Ford is a Business in the Automobile Industry

Ford is a business in the automobile industry. The company operates in more than 200 markets across the six continents in the world and t is the third largest automobile company in the world. Due to its diversity, customer relation and satisfaction is the key factor in the realization of its strategic goals and objectives (Cross, 2007). The global business climate change caused by human combustion of fossil fuels and the resulting emission of greenhouse gases (GHGs) is—along with the energy security— widely viewed as a critical global issue in the economy. Indeed, the concerns about climate change on automobile industry—along with the growing constraints on the use and availability of carbon-based fuels—affect Ford Company’s operations and its esteemed customers.

However, the company aims at mitigating the long-term challenge that faces the current society by stabilizing the concentration of GHGs in the atmosphere. In regard to Ford’s current business initiative that affects customer service, the company has submitted a plan to the US Congress in April 2011. The plan aims at aggressively restricting the company’s operations to meet the changing model mix and the current demand in the automobile industry. As the customer’s value and wants are in the forefront, the plan aims at accelerating the development of the company’s new products to meet their demands. In addition to the company’s needs, the plan provides the financial implications and ways of improving Ford’s balance sheet.

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This will be achieved by working together and ensuring the Ford’s global assets are leveraged. As such, the plan will ensure that the aggressive restructuring creates safe, high quality and fuel-efficient vehicles. The North American automotives will also incorporate hybrids with advanced plug-in and vehicles using full electric (Gunnell, 2008). Since the appointment of Bill Ford as the company’s Chairman, Ford acquired VCC, the Swedish automaker regarded as the Europe’s most environmentally proactive manufacturer. In another bold move, in the early 2000, Ford withdrew from the Global Climate Coalition— a lobbying group formed by auto and oil companies to oppose the Kyoto climate treaty. This was the Company’s significant shift in the environmental policy of the industry.

In addition, Ford was also the first automaker to have all its plants certified according to ISO 14001, showing commitments to beyond-compliance environmental practices and customer satisfaction (Myers, 2011). Consequently, the company also relies on the use of internet facilities that will gauge the consumers’ satisfaction and provide ways of satisfying them fully. Moreover, the launch of a hybrid vehicle represents an important competitive edge based on ‘first-mover advantage’ prerogatives. The eventual market success of the New Ford Taurus certainly put the company ahead in the race for hybrid cars. Since the chances are that Ford will reach the break-even point for its hybrid vehicles ahead of its competitors, the environment will saatisfy both economic and environmental pre-requisites (Speegle, 2009).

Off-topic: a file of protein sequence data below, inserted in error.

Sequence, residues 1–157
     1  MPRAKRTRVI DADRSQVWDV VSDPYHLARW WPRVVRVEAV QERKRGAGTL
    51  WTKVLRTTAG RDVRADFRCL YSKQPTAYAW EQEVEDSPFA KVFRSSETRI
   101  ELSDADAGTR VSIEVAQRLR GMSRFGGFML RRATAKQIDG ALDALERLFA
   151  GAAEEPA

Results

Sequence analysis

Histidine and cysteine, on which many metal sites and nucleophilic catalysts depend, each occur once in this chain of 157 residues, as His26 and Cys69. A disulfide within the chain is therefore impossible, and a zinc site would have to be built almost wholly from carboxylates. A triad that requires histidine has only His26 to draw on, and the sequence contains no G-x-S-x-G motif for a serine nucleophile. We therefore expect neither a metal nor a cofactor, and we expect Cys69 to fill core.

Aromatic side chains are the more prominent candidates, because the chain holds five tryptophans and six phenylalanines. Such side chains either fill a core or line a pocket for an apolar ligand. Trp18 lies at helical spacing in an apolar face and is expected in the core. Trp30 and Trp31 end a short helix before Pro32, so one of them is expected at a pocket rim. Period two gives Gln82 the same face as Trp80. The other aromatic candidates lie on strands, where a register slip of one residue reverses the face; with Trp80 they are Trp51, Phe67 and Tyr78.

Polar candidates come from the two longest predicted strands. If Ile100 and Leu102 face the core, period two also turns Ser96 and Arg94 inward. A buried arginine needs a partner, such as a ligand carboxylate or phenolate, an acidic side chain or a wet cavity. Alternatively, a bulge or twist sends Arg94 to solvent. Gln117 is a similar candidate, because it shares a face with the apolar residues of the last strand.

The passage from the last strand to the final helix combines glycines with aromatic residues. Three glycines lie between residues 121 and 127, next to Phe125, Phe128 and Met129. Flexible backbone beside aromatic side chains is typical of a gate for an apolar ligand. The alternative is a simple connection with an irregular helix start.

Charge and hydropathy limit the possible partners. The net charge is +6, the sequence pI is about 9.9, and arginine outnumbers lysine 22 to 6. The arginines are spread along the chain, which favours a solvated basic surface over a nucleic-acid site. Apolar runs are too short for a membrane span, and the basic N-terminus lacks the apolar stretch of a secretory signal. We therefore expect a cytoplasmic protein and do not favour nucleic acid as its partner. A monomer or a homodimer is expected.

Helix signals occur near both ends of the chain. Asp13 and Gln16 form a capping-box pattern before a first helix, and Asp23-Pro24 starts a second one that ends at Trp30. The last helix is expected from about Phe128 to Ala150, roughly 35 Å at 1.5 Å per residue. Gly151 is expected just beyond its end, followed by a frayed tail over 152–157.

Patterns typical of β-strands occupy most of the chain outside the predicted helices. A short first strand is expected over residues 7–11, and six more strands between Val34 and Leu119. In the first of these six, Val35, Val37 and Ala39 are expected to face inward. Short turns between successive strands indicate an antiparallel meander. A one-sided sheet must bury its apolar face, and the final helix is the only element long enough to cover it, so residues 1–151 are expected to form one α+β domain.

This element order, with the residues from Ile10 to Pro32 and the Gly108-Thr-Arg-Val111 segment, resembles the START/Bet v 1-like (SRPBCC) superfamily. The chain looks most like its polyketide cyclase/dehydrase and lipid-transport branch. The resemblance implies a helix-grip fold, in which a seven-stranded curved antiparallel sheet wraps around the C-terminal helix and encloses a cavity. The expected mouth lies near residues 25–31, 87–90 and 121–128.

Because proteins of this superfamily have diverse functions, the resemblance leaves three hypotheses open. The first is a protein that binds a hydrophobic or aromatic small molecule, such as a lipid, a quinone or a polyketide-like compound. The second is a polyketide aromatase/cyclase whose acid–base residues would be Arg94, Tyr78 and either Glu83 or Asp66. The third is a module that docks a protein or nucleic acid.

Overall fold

Customer service can be effectively improved through Sales and Operations Planning (S). The S aims at improving the business operations through improved forecasts, and reconciled demand and supply (Sheldon, 2006). Both these outcomes will drive customer service improvement. In improved demand forecast, the process ensures that there is consistency in numbers i.e.

the forecast is transparent and accessible for all functions involved in the organization. This forecast base is stated in terms of volume (as opposed to value) because volume is really the “currency” driving the supply chains.In addition, the process incorporates improved reconciliation of demand and supply for the consumers. In this case, the forecast bias is reduced. The actual sales will deviate less from the forecasted volume (Plunkett, 2006). As an outcome of the improved reconciliation of demand and supply, the supply plan will be as realistic as possible at that point in time.

Where supply does not meet demand, alternatives might be sought. If that is not possible, the customer will be warned at an early stage of a possible shortage. Based on that shortage information, alternatives can be agreed collaboratively through contingency planning. Thus, S does lead to improved customer service by improving the forecast and the reconciliation between demand and supply (Gray, 2007). In conclusion, the Company needs to improve its customer service by incorporating Sales and Operations Planning (S in its undertakings. As the economy is characterized by extensive competition, the automotive industry needs to maintain the customer they have and attract new potential customers in the industry.

Therefore, Ford Company needs to improve its customer service to enhance their satisfaction and loyalty.